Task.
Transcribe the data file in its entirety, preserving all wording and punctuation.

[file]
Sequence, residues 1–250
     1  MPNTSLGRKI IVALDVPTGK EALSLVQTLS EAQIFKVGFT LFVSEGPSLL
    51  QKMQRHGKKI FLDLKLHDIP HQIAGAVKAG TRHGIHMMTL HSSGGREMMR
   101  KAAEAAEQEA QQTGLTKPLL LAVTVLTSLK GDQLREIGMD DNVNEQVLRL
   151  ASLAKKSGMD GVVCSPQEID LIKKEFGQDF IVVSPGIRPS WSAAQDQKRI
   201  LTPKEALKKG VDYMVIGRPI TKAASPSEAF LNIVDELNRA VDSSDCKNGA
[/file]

Sequence, residues 1–250
     1  MPNTSLGRKI IVALDVPTGK EALSLVQTLS EAQIFKVGFT LFVSEGPSLL
    51  QKMQRHGKKI FLDLKLHDIP HQIAGAVKAG TRHGIHMMTL HSSGGREMMR
   101  KAAEAAEQEA QQTGLTKPLL LAVTVLTSLK GDQLREIGMD DNVNEQVLRL
   151  ASLAKKSGMD GVVCSPQEID LIKKEFGQDF IVVSPGIRPS WSAAQDQKRI
   201  LTPKEALKKG VDYMVIGRPI TKAASPSEAF LNIVDELNRA VDSSDCKNGA